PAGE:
The final presentation was a lovely poem ‘Battlefields of the Mind’ written by Busola Sosannya. For some reason she didn’t perform it (shyness abi? 🙂 )… It was performed by ace performer, Dike Chukwumerije. As it moved to closing, I remembered our Makurdi ‘Purple Silver’ group hosted by Anselm Ngutsav. Miss those readings…
It was real late, some long minutes past 21:00hrs or was it closer to 22:00? Several of the people had left. There were talks, catching up and making of new acquaintances. I did some on the spot editing of Busola’s poem and asked a few questions of why the poet had not performed her piece. Lots of more talk and in the end, there was a walk…
Ask me not where to… 😉
Meanwhile, there was a journey of some two hours to get to. Home called and more activities. Oh well.
I remember the call for the workshop. I jumped at it and was about to send my piece when I discovered a clause: it was for people of about 15-twenty-something. Well, that means I was out of the range. Age!! Grrrr!!
Well, I called Tunji Ajibade, President of ExodusForArt (E4Art) to discuss my book launch and he invited me for this. Was shocked. Didn’t even know he had anything to do with it. Well, considered not going or anything of the like. Had some issues to contend with. I am meant to launch my book on the 8th of June at the same venue and I love literature. But I have other things to attend to… Then, I heard some news: my cousin was having her baby’s naming ceremony on the very Sunday! What? Are you kidding me? I wouldn’t miss that for the world! Debate ended but on Saturday night. It was 9pm. The journey to Abuja from the wandering ground where I was started. It was an extempore decision, so that meant on that bright Sunday, I woke up and muscled by the thoughts of my smiling cousin, and took a vehicle to Abuja…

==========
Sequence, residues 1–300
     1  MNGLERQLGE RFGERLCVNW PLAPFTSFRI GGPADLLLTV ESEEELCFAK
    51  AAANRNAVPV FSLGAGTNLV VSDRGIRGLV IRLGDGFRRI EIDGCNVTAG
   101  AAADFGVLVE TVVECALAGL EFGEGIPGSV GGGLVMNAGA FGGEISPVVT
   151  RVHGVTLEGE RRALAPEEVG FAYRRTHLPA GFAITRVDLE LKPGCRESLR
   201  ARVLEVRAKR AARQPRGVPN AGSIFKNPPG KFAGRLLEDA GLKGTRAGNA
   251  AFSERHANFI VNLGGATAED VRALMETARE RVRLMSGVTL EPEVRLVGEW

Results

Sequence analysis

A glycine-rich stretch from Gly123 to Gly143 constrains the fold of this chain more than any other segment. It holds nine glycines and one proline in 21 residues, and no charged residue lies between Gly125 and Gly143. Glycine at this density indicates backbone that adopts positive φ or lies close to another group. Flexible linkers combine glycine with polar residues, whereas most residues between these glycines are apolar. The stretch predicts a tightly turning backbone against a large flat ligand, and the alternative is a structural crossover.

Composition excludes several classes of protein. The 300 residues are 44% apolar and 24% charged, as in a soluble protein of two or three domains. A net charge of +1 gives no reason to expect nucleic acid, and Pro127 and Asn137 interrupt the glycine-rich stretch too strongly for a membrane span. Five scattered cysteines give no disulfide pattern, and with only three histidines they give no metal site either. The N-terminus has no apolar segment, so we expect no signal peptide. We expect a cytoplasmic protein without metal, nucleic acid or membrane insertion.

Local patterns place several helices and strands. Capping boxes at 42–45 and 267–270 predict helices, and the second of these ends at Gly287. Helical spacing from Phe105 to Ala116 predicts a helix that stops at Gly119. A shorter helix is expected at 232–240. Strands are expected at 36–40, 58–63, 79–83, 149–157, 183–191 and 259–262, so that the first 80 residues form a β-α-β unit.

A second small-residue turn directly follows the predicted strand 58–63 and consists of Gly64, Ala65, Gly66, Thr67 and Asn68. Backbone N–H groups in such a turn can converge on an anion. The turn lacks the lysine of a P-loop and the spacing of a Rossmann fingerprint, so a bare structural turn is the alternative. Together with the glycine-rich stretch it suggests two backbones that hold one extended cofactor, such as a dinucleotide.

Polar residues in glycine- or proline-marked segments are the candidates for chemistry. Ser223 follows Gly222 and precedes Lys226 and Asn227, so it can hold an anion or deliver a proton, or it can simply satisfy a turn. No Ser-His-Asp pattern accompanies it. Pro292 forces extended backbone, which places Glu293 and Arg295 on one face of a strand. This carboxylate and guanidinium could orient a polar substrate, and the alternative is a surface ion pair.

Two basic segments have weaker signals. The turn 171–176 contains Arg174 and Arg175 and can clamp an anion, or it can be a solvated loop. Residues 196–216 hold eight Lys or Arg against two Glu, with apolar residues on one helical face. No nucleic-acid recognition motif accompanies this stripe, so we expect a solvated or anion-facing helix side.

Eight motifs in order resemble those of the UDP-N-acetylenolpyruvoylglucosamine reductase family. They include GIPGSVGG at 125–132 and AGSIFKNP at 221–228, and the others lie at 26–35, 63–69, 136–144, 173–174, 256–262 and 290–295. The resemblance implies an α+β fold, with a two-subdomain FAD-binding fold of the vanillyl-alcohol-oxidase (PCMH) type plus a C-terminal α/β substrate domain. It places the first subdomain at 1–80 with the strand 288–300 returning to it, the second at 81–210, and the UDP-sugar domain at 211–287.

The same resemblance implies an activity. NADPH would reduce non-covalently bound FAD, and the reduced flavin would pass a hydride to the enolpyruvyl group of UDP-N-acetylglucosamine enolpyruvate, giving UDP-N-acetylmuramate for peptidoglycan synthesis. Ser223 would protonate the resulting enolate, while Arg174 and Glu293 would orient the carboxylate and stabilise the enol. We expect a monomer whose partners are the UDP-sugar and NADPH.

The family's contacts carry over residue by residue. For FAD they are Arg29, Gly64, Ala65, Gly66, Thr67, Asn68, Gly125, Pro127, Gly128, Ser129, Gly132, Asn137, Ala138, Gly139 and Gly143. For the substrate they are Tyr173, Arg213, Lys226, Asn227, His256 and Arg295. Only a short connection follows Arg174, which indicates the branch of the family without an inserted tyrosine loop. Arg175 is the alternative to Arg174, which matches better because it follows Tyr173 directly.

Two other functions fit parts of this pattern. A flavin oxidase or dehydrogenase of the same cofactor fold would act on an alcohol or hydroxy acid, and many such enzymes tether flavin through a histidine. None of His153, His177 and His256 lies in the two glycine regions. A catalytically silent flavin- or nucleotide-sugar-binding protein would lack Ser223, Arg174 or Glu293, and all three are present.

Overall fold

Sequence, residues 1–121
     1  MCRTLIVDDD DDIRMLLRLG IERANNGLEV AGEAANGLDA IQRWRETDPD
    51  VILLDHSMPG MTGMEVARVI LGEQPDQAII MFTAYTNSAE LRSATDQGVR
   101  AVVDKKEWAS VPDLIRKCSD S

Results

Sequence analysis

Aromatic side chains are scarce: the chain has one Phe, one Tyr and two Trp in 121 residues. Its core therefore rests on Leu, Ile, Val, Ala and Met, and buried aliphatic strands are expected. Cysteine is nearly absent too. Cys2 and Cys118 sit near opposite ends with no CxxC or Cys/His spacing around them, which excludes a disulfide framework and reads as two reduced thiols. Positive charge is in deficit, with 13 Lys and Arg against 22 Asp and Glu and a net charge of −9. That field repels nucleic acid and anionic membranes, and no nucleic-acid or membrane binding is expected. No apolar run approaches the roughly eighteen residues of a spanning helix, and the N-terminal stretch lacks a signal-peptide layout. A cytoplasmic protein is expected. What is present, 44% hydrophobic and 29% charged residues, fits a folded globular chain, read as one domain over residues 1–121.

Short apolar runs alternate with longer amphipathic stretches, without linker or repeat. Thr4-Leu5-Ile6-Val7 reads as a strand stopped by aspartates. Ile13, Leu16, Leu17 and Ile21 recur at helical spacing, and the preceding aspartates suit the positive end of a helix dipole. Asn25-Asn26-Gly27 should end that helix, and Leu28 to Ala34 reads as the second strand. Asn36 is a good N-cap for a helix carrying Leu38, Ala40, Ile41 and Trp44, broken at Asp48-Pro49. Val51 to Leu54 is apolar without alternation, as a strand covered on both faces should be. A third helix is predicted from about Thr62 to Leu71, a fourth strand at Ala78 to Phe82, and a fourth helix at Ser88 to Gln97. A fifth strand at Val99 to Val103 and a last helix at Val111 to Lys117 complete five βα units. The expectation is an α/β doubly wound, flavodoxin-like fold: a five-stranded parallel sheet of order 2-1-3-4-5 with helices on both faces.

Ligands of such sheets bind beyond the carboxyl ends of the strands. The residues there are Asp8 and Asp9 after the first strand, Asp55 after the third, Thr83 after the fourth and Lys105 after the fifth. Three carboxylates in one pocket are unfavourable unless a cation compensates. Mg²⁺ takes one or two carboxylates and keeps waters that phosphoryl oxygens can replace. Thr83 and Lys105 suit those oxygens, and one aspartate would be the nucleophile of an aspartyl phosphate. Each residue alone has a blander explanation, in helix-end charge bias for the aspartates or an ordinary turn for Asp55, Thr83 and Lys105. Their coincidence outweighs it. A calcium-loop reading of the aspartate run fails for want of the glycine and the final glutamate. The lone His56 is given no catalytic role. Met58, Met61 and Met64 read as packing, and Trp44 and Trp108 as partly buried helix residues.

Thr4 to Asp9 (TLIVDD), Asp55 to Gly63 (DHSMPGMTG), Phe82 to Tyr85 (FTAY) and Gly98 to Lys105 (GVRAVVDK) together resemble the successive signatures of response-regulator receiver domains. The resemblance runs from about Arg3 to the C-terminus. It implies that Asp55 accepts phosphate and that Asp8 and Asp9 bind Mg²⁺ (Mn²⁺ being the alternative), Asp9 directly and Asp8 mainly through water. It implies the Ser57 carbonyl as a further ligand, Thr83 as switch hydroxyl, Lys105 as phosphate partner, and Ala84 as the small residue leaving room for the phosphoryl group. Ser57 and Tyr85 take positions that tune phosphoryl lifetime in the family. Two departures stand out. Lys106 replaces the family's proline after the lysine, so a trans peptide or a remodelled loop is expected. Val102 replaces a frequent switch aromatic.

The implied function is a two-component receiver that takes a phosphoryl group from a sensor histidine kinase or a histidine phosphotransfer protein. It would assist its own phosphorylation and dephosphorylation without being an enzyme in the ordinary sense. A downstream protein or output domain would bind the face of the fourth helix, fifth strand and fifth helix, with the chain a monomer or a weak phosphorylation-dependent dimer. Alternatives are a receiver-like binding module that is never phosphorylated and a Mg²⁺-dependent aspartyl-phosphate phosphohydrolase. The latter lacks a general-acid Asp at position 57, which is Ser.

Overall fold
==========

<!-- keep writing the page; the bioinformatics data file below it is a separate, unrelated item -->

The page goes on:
I was deeply touched by the whole event and I bring you near minute details of what I could catch. If you are busy, skim through. For me, I reflect again on it all and bless the memory of that lady. Yasmin was 25 years old and the daughter of the former Minister of the FCT, Mallam Nasir El-Rufai. She passed on in London in November, 2011. Wherever she is, may the Almighty keep her right.
THE YASMIN EL-RUFAI WORKSHOP LITERARY EVENING AND LECTURE (April 14th, 2013)
Introductions. All protocols observed…
The Chairman of the occasion, Hakeem Belo-Osagie didn’t joke about his knowledge of literature which he admitted was little. Well, actually, he did! He said when he was invited by Mrs. Hadiza Isma El-Rufai to attend the event, he thought he was meant to be one of the participants ‘Which wouldn’t have been out of place’ he joked. ‘Literature is important in our lives as it has a way of making us understand the ambiguities of life. Some touch you. [Paraphrasing now] Sometimes, it’s something simple like two lines in a poem I read: ‘I saw you on a cold winter day/and suddenly winter became summer’… Literature sometimes makes life easier. Hadiza has done well. I thank you all for attending and hope that we make this reading/lecture as simple as possible’
We laughed and at that moment, Justice Uwais came in. Nasir El-Rufai left his place at the high table for the Justice and took a plastic seat to sit at the edge of the table. Former Minister of Information and National Orientation, Chukwuemeka Chikelu was there too…